Published May 13, 2020 – Employers may be eligible to claim a refundable tax credit against certain employment taxes during the COVID-19 crisis if:
- Business operations were fully or partially suspended due to a COVID-19-related shut-down order, or
- Gross receipts declined by more than 50% as compared to the same quarter in the prior year.
For eligible employers who have 100 or fewer full-time employees, all employee wages qualify for this credit. For eligible employers with more than 100 full-time employees, only wages paid to employees when they are not providing services due to the COVID-19-related circumstances will qualify. The credit applies to the first $10,000 of compensation (including health benefits) paid to an eligible employee during March 13, 2020 – December 31, 2020. The amount of the credit is 50% of qualified wages, or up to $5,000 per employee.
The amount of the Employee Retention Credit allowed for any calendar quarter cannot be more than the 6.2% Old Age, Survivors and Disability Insurance (OASDI) tax imposed on the eligible employer—reduced by certain credits—on the wages paid for all of the employer’s employees for the calendar quarter.
If the credit amount is more than the OASDI tax imposed on the employer, the difference is treated as an overpayment that must be refunded.
Consistent with this treatment, the excess will be applied to offset any remaining tax liability on the eligible employer’s employment tax return, and any remaining excess will be reflected as an overpayment on the return.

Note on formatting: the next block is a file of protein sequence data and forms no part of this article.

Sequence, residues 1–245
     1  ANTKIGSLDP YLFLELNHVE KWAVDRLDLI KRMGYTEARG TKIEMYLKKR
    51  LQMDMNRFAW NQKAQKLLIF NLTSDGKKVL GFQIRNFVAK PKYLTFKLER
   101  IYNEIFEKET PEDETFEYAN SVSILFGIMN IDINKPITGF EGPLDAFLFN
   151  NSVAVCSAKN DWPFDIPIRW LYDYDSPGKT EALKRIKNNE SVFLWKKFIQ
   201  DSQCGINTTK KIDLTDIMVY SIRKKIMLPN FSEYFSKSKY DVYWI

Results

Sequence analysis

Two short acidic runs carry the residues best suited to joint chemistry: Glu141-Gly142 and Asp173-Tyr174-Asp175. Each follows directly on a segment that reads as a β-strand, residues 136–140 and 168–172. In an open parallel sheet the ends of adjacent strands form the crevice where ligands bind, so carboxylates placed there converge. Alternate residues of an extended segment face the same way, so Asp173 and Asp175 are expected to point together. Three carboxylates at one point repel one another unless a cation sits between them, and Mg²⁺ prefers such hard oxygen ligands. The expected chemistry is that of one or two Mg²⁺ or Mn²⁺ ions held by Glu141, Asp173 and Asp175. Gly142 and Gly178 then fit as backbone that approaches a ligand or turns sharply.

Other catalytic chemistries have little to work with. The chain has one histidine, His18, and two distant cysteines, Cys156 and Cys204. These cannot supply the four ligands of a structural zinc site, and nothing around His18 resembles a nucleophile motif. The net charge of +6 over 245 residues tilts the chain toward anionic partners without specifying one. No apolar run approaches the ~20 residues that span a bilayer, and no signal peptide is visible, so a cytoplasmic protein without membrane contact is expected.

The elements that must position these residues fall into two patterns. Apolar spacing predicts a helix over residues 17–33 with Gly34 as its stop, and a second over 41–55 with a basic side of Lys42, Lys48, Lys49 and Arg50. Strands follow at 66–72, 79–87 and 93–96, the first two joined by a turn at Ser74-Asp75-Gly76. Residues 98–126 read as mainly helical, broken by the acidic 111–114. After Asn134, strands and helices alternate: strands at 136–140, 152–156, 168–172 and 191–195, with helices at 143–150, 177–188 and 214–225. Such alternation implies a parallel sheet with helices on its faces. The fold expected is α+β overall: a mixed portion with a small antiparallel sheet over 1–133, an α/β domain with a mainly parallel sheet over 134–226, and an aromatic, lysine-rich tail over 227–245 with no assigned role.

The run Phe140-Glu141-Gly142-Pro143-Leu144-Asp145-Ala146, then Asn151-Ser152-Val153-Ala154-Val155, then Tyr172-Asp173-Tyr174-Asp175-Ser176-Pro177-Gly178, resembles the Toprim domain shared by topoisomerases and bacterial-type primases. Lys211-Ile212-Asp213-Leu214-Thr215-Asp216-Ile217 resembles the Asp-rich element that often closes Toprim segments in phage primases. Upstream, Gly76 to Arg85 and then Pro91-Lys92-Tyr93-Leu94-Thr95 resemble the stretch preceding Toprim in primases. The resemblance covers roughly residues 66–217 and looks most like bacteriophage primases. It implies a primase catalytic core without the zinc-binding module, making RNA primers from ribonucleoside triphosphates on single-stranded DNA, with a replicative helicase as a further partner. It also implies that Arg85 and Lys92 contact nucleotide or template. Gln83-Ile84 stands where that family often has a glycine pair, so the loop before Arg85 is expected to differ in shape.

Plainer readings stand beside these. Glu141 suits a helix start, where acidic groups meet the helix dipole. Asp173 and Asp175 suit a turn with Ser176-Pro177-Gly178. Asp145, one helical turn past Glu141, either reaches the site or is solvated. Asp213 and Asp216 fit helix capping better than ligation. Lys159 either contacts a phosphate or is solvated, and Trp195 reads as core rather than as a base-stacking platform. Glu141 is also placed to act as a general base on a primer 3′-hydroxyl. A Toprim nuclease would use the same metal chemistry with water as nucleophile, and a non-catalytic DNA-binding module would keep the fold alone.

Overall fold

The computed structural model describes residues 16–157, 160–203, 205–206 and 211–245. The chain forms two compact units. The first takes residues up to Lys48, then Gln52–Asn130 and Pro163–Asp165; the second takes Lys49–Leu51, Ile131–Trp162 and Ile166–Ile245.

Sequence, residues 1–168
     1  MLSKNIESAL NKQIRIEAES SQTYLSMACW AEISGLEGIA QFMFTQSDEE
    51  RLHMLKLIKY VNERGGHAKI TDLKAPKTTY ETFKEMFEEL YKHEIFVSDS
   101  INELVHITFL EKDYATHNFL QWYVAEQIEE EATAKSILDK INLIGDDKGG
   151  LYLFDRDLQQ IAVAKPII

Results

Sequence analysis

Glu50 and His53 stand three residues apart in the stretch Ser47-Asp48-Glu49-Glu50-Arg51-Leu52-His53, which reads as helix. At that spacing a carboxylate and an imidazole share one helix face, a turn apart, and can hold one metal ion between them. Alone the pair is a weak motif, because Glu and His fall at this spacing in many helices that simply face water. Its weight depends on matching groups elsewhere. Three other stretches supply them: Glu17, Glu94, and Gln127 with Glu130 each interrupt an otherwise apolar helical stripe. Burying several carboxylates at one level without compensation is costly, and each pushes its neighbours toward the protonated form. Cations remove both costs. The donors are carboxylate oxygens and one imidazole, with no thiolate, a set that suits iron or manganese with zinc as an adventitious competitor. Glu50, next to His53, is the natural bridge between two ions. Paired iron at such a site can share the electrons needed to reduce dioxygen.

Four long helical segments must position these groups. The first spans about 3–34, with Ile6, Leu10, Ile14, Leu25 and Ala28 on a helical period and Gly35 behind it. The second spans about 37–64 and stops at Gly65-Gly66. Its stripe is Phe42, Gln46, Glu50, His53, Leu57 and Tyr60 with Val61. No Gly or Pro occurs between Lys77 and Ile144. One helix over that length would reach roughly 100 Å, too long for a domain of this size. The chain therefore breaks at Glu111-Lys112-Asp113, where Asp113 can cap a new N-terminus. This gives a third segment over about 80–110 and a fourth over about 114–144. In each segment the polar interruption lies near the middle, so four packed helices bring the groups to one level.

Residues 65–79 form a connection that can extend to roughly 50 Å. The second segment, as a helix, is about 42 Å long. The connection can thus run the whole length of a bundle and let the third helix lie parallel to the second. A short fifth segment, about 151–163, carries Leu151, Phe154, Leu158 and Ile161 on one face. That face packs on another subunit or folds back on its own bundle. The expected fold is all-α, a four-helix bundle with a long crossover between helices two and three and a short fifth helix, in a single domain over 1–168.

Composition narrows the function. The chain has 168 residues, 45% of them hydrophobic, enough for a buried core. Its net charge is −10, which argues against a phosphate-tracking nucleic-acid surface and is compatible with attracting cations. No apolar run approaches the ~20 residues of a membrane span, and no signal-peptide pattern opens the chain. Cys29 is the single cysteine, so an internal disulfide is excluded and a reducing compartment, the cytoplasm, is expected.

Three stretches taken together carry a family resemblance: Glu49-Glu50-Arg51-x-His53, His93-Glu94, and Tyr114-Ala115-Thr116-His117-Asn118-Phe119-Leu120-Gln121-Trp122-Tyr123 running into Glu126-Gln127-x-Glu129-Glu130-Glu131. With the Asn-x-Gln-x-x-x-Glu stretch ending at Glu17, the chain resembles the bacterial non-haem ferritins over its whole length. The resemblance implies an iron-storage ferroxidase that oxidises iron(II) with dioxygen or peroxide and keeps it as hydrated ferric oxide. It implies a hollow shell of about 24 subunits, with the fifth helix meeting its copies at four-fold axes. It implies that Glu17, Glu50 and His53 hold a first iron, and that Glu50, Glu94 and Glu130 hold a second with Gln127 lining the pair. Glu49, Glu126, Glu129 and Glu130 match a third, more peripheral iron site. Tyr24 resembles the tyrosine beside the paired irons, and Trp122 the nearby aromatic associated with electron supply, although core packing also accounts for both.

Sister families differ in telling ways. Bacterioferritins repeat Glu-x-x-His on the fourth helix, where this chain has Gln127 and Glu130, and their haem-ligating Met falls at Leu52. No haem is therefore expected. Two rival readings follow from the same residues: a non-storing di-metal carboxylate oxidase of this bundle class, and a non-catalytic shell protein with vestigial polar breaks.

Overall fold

An eligible employer’s ability to claim the credit is impacted by other credit and relief provisions as follows:
- If an employer receives a Small Business Interruption Loan under the Paycheck Protection Program, then the employer is not eligible.
- Wages for this credit do not include wages for which the employer received a tax credit for paid sick and family leave.
- Wages counted for this credit cannot be counted for the credit for paid family and medical leave.
- Employees are not counted for this credit if the employer is allowed a Work Opportunity Tax Credit for the employee.
For a printable copy of this article, please click here.
For more information, please contact Criste Staples at email@example.com.
About the Author
Criste’ L. Staples CPA
With significant experience in both private and public accounting environments, Criste' provides accounting and tax services to both individuals and a diverse range of business clients.